It’s shortly after noon on the last day of the regular firearms season in Lancaster County, a time when a hunter begins to feel time is running out.

A white Jeep crunches slowly along Seglock Road, a narrow gravel road that winds through the wooded state game lands bordering Middle Creek Wildlife Management Area in northern Lancaster County.

It’s an isolated road that Pennsylvania Game Commission Game Warden Greg Graham knows is used by unscrupulous road hunters, a lazy, unsportsmanlike and illegal way to hunt deer.

The vehicle stops, then backs up a few feet.

Graham knows what the hunter is now looking at — a completely realistic taxidermy-built buck deer bedded down in the leaves and mountain laurel about 40 yards off the road in the woods.

Graham nudges a joystick and, amazingly, the buck moves its head adorned with three-point antlers on one side. For good measure, Graham has the whitetail twitch its white and brown tail.

robo deer

Game Warden Greg Graham assembles a robotic deer decoy in woods near Middle Creek Wildlife Management Area.

The car drives on. But a few minutes later, an orange-clad hunter with a rifle slung over his shoulder comes walking up the road.

The man stops, peers and aims while standing in the road.

Boom! The high-powered shot echoes through the ravine. The hunter’s aim is dead-on, but the deer doesn’t flinch.

Before the puzzled hunter can get off another shot, Graham unpeels himself out of a full-body camouflage Ghillie suit, jumps from behind a tree on the opposite hillside and barks, “State officer. Don’t shoot again! Unload your gun!”

Within a minute, an SUV pulls up carrying reinforcements in Haines Henry, a deputy game warden, and Jeffrey Schmidt, a Lancaster County waterways conservation officer with the Pennsylvania Fish and Boat Commission.

The county’s first successful use of a “robo deer” decoy has just gone down.

For the last couple years, Graham and other game wardens in the region have had two of the mechanized deer decoys at their disposal. The other is a standing eight-point buck.

One was purchased by the Federated Sportsmen of Lancaster County and the other by the Quality Deer Management Association. The decoys cost about $1,800 each.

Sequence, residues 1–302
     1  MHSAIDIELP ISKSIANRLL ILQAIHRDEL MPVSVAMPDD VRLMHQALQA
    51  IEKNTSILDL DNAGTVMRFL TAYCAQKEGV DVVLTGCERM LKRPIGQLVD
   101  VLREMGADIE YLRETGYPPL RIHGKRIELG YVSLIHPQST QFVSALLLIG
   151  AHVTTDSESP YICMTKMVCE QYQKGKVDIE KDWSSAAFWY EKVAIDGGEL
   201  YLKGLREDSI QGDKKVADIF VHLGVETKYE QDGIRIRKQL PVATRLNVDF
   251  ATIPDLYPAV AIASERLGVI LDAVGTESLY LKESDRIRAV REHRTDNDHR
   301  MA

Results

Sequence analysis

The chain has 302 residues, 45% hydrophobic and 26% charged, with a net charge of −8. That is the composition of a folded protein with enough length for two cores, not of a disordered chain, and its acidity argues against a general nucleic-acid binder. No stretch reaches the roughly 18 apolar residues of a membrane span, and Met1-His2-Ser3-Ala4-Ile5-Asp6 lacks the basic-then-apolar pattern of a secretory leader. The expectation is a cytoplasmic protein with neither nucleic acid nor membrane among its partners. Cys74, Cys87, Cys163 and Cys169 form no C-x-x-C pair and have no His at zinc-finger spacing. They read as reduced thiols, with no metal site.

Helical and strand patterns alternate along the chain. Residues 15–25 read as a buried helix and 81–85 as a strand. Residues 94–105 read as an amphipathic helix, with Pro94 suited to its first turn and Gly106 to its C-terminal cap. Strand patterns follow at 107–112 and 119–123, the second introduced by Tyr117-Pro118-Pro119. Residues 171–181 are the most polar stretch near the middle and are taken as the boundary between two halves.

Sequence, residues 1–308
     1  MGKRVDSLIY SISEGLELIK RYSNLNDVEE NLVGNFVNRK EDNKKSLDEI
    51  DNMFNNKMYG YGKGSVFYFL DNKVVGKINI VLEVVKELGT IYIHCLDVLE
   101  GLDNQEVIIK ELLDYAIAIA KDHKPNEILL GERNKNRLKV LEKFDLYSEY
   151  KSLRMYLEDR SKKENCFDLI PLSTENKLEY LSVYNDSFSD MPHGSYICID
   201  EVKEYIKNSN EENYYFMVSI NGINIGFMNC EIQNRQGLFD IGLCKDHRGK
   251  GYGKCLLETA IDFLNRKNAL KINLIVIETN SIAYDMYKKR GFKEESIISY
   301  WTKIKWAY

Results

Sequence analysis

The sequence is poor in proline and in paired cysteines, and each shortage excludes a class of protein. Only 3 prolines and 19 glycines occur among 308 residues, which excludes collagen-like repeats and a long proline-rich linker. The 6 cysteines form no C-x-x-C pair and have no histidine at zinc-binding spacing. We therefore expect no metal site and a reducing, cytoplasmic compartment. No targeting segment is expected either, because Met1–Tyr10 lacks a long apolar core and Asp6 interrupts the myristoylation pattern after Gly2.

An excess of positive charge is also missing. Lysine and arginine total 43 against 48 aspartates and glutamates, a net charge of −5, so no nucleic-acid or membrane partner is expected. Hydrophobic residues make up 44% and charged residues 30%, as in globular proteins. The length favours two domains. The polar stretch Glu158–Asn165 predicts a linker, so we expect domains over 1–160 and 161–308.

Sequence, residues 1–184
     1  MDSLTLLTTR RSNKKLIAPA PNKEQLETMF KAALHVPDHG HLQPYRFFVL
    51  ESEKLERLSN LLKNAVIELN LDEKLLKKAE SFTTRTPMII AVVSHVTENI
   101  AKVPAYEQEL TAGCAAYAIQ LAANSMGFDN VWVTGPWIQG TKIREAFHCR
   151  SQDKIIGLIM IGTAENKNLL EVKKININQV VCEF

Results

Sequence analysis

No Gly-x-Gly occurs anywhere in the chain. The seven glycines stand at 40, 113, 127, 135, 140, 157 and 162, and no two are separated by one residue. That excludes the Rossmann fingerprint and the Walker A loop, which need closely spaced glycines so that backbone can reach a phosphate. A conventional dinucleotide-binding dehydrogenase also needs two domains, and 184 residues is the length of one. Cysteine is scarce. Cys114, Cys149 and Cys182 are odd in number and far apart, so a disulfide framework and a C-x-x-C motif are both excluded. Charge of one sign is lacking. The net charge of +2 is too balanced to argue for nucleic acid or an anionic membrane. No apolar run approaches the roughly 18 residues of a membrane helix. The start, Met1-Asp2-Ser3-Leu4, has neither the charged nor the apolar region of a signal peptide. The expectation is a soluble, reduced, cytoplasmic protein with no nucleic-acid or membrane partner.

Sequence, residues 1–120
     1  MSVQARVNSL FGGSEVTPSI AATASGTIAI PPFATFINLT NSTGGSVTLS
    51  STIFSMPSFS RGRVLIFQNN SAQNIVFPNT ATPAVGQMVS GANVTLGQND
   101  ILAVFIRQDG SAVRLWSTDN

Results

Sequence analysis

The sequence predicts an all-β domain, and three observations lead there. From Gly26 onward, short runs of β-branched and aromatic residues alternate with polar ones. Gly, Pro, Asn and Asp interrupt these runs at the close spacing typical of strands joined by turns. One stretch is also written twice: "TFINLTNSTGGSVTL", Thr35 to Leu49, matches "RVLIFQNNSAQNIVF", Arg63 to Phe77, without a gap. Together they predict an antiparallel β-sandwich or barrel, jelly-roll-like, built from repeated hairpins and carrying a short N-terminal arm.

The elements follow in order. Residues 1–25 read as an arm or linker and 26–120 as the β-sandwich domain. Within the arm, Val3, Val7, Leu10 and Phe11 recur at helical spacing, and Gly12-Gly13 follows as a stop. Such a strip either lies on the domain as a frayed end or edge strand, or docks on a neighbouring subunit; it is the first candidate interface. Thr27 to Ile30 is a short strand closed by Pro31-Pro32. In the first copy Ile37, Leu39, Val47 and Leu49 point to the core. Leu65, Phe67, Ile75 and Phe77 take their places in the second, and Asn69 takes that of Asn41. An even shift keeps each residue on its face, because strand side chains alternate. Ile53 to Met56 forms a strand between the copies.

Graham has previously used the decoys as part of a handful of sting operations to try to catch road hunters and nighttime poachers.

This was the first successful bust.

“The whole problem of poaching is we don’t have a clue how much of it goes on,” Graham says. “This is a tool to bring those violators to justice. I’m speaking for the deer who are killed unlawfully."

Around the state, the decoys have been helpful in curbing road hunting, says Randy Shoup, the Game Commission’s Bureau of Wildlife Protection director.

robo deer

Game Warden Greg Graham checks the hunting license of a hunter after the man shot what turned out to be a robotic deer decoy from a road near Middle Creek Wildlife Management Area.

“Road hunting violates the principle of fair chase and is very often an unsafe act. Unfortunately, road hunting is all too common, and a strategically placed decoy puts the warden, the ‘wildlife’ and the road hunter or nighttime poacher at the same place at the same time, which often results in violations.”

Decoys have been used to catch lawbreakers by game wardens around the state for at least 30 years. The earliest ones were simple cardboard cutouts. Decoys have been used to nab unlawful hunting of pheasants, turkeys, bears and grouse, in addition to deer.

The antlers can be swapped out on Graham’s two decoys. He might use an especially large rack to try to catch a poacher who he knows is only gunning for trophy deer.

To protect against being accused of entrapment, the deer decoys are not placed in open fields. Graham had purposefully placed the deer well off the road in woods where it would only be seen by someone looking intently for it.

The nabbed hunter, from Leola, is remorseful not to mention feeling stupid for shooting a foam and hair dummy.

“He said he should have known better,” Henry says.

The hunter committed two wildlife violations: using a motor vehicle to hunt deer and shooting from a roadway. Each carries a fine of $150 to $300.

Graham wants to interview the hunter to “get a feel for the type of person he is.” He doesn’t know if he will level both charges against him.

Judging from his shame after being caught, Graham doubts he will recommend to a district justice that the hunter’s license be revoked for a year. The hunter had told game wardens that he “lives for” deer hunting each year.

He will, however, be assessed a $200 charge for repairing the robo deer. Fortunately, the bullet missed the electronics that enable the decoy’s head and tail to move.

A little glue and deer hair and robo deer will be ready to hit the woods to try to ensnare those who don’t play by the rules of fair chase or the law.

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